In an ideal world, the University of Wisconsin football team would have a shutdown corner that could match up all over the field against Minnesota senior wide receiver Eric Decker on Saturday.
That's what the Badgers had two years ago, when Jack Ikegwuonu and Decker traded blows in an epic battle. But that's not how the UW secondary rolls this year.
"I would take a Jack Ikegwuonu any day, as far as his abilities and things he could do," UW defensive backs coach Kerry Cooks said.
"But I like this group of defensive backs. I think we're going through our own challenges and our own successes. I like how these guys respond."
After a poor game against Fresno State in the second week, the cornerbacks had to wait two weeks for another chance since Wofford only attempted seven passes the following game.
Cooks could not have asked for a much better response in the 38-30 win over Michigan State last week, despite allowing a misleading 396 passing yards.
Early in the fourth quarter, while the Badgers built a 21-point lead, they held the Big Ten Conference's best passing game to 176 yards and two touchdowns on circus catches.
"If you're going to catch the ball in the end zone, make it that kind of catch," defensive coordinator Dave Doeren said. "We took their best receiver (Blair White) out of the game, he had one catch for eight yards. I thought we played extremely well."
Two things happened after that. After aggressively challenging routes all game, the cornerbacks went soft while protecting the lead on a 62-yard touchdown drive that took 40 seconds.
Then, a communication breakdown involving senior safety Chris Maragos led to a 91-yard touchdown pass on the next series.
"Obviously, I would have wanted to finish the game a little better," Cooks said. "As I watched the tape, I feel (darn) good about how my guys played. They challenged routes. They were all over those wide receivers."
That's the confidence-builder the cornerbacks needed going into another big challenge against the 6-foot-2, 215-pound Decker, who ranks sixth nationally in receptions per game (8.75) and receiving yards (124.75).
While UW quarterback Scott Tolzien spreads the ball around, there is no doubt where Minnesota junior Adam Weber looks first. Decker's 1,074 receiving yards last season accounted for 37.7 percent of the team's total. This year's 499 yards account for 56.3 percent. Still, Decker is almost impossible to stop.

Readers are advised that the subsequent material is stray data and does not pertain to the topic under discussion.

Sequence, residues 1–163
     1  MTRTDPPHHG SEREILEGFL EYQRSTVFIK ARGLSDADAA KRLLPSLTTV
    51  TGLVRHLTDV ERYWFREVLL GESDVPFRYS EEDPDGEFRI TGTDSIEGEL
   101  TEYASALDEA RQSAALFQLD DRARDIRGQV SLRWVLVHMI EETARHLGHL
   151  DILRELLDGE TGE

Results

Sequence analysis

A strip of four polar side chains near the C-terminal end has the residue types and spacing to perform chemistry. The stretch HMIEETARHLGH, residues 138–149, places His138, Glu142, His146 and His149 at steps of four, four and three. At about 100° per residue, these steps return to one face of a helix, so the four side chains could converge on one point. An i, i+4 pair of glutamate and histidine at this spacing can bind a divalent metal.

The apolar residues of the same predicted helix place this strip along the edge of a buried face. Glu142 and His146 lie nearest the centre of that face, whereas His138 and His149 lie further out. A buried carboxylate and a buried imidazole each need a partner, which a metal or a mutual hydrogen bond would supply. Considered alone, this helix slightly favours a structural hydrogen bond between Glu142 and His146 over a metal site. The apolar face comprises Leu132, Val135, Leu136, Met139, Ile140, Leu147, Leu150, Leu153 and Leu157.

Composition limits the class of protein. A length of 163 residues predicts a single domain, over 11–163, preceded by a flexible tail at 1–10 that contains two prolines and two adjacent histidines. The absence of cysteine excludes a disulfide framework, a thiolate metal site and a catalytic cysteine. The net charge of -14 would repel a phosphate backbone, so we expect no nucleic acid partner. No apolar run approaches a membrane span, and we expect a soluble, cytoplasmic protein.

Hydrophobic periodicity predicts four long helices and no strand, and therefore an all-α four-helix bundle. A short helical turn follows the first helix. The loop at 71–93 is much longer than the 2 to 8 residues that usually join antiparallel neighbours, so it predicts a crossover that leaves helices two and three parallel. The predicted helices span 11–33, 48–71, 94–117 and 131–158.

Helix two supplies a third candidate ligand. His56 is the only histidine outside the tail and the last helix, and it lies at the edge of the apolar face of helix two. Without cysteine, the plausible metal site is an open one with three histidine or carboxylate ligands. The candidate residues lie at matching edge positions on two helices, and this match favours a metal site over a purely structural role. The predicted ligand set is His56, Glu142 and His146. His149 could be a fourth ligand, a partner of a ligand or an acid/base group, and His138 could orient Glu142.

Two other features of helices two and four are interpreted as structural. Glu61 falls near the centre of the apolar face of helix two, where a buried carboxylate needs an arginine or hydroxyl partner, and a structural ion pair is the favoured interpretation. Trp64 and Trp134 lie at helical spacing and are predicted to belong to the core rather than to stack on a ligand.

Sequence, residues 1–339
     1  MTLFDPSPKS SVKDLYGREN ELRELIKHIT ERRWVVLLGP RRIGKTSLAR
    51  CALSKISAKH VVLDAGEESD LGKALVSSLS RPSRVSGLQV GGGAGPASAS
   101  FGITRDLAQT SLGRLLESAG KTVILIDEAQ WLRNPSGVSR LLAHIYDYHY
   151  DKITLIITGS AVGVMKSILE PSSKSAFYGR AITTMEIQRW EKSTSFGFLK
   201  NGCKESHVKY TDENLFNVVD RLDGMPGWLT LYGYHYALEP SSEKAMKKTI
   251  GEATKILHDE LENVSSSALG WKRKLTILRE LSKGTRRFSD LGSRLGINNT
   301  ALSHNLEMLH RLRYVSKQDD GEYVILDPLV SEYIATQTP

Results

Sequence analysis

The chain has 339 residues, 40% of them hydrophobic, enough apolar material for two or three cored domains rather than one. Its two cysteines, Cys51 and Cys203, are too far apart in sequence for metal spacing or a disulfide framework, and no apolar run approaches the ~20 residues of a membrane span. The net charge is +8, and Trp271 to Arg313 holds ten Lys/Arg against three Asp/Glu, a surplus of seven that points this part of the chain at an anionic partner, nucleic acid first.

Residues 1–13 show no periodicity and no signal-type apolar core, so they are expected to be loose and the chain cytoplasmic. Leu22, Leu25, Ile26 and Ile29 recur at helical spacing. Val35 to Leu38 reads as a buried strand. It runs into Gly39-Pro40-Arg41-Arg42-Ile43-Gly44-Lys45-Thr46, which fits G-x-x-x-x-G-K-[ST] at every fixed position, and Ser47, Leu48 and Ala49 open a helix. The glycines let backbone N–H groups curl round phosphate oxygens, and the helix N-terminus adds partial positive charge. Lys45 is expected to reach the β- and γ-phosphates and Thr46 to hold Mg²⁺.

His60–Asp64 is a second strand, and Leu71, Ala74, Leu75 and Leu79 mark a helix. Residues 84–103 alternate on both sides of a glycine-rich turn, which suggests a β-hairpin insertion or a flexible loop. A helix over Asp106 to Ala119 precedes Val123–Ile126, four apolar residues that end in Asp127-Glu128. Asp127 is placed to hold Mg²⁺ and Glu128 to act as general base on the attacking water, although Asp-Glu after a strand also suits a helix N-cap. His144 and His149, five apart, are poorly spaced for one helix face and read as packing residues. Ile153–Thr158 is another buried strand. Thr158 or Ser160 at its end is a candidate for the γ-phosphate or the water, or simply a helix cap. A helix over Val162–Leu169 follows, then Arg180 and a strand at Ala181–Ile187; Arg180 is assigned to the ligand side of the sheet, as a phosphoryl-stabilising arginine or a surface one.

"They do a really good job of trying to find ways to get him the ball," UW coach Bret Bielema said. "I heard (Minnesota coach) Tim (Brewster) say they try to script 10 plays ... that they can go to at any point during the course of each game, that are designed specifically to get No. 7 the ball."
The Gophers do the usual things to free up Decker: putting him in motion and lining him up in different spots. But it's what he does after the play starts that makes him such a handful.
"I can see why he's making plays," Cooks said. "He's competitive, he's a big-body wide receiver and he's very skilled."
The Badgers saw the competitiveness two years ago, when he caught six passes for 125 yards and two touchdowns against Ikegwuonu. That was also the game in which television cameras showed Decker delivering a punch to Ikegwuonu's groin during one heated battle.
Last year, the Badgers prepared to face Decker but he was held out of UW's 35-32 win with an ankle injury.
"If I'm a defensive back, I want to play against the best," said Cooks, a former Iowa safety. "They were anticipating him playing all week. When he didn't, obviously, they were a little disappointed."
The Badgers rotate four cornerbacks: sophomores Devin Smith, Antonio Fenelus and Aaron Henry, plus junior Niles Brinkley. Maybe there will be strength in numbers, since putting Ikegwuonu on Decker didn't work all that well although the Badgers won 41-34.
"We're going to have to be creative about how we play him, whether that's keeping a different guy on him, or doubling him, whatever it is," Doeren said.
"I think it helps those (corners) stay focused. I think it presents a unique challenge to receivers, too, where maybe they can't get a bead on a guy's technique as much."